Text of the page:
Investors’ direct equity funding promises liquidity, helps in economic restructuring
Bulls will continue to run in the A-share market but at a slower pace from now on as focus shifts to China’s deepened reform of the capital market where direct financing will play a bigger role－that is the consensus view emerging among experts following better-than-expected second-quarter GDP growth.
The nuanced view is based on the benchmark Shanghai Composite Index’s spike of nearly 15 percent in seven trading days since June 30.
Total trading volume recorded on the Shanghai and Shenzhen stock exchanges exceeded 1 trillion yuan ($143 billion) on July 9, and stayed in the stratosphere for six consecutive trading days, a feat not seen in the last five years.
There was more upbeat news. Since July 2, net inflows of foreign capital into the A-share market exceeded 10 billion yuan for four trading days in a row. Automobile, electronic equipment, cyclical stocks such as non-ferrous metals, and a section of the pharmaceutical companies attracted most of the foreign capital.
Over the first six months of the year, the net inflow of foreign capital via the stock connect program between Shanghai, Shenzhen and Hong Kong approached 120 billion yuan, a figure second only to the 160 billion yuan recorded in the first half of 2018.
Analysts from Shanghai-based financial service provider Noah Holdings Ltd wrote in a report that the inflow of overseas capital has been the major driver of the bounce in the A-share market, especially the undervalued sectors. Foreign investors’ continued interest in the A-share market has generated a multiplier effect by attracting other capital into the market, said the Noah analysts.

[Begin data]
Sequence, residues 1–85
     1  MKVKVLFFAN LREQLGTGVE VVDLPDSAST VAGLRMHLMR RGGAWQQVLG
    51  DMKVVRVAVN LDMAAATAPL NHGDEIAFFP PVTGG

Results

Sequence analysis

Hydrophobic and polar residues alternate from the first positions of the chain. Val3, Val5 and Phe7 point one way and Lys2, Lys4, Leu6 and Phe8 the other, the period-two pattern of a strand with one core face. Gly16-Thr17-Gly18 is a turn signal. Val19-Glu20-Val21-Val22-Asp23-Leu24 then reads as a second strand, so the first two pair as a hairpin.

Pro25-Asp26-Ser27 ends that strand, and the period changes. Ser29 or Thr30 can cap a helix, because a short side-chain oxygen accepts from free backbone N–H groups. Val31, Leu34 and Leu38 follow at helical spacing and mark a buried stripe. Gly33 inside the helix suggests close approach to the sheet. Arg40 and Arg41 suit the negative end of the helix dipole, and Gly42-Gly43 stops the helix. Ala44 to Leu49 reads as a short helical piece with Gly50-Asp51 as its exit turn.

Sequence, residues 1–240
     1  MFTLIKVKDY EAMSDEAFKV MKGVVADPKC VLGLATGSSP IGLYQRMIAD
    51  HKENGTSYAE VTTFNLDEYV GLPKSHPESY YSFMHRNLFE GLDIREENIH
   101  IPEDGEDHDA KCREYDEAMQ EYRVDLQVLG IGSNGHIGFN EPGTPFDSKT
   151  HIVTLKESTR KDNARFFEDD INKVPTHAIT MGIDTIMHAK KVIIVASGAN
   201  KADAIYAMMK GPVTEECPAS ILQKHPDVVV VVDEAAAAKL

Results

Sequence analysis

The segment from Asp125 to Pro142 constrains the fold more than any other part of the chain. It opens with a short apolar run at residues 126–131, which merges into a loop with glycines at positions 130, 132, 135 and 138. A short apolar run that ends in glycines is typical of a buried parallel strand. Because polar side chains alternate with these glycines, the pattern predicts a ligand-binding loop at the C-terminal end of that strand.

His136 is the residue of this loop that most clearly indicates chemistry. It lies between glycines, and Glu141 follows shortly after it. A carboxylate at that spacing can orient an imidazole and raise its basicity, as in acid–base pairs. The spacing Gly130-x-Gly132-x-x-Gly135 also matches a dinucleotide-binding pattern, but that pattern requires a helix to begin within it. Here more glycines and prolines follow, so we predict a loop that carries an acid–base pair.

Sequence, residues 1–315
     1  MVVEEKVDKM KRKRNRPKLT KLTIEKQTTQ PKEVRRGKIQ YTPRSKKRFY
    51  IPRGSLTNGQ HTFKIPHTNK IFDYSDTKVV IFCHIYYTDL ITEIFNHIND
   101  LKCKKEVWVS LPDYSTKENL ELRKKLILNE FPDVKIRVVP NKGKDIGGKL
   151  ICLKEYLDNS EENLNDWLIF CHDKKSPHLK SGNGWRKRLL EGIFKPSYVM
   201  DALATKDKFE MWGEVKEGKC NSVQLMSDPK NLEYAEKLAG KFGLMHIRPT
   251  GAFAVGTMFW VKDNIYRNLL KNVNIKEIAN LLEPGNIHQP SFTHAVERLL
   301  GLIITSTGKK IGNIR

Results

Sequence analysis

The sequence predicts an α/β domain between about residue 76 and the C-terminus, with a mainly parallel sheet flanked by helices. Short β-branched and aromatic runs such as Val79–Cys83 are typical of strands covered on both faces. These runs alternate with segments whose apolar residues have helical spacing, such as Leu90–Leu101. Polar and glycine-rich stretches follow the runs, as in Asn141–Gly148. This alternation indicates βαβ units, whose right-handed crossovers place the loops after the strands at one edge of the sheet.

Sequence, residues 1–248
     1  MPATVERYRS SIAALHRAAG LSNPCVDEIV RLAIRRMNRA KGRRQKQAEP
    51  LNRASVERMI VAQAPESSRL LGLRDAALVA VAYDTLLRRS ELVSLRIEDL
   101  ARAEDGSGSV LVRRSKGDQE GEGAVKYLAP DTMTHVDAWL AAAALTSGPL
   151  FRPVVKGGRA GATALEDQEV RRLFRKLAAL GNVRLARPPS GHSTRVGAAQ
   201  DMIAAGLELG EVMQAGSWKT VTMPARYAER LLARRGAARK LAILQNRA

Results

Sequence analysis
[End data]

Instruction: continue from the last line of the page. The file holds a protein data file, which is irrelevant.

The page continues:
Small wonder, foreign institutions continue to hold a positive outlook.
Laura Wang, chief China equity strategist at Morgan Stanley, wrote in a report released on July 7 that the CSI-300, a key index of Chinese stocks, will climb to 5360 points in the next 12 months, which indicates at least 11-percent growth compared to the position earlier this month. Investors should thus increase or at least hold their A-share investment positions, she said.
Likewise, UBS Wealth Management said in a report released on July 9 that the A-share indexes will further tick up in the next three to six months given the adequate liquidity, relaxed monetary policy and the fiscal stimulus policies. On July 7, Goldman Sachs also advised investors in a report to increase the investment in A shares over the next 12 months, given the strong recovery of the Chinese economy and the contained risk of an epidemic recurrence.
The A-share market is charging ahead on improving macroeconomic indicators that have boosted market confidence. China’s second-quarter GDP grew 3.2 percent year-on-year, beating market consensus expectation of 2.4-percent growth－and a sharp contrast to the 6.8-percent contraction in the first quarter.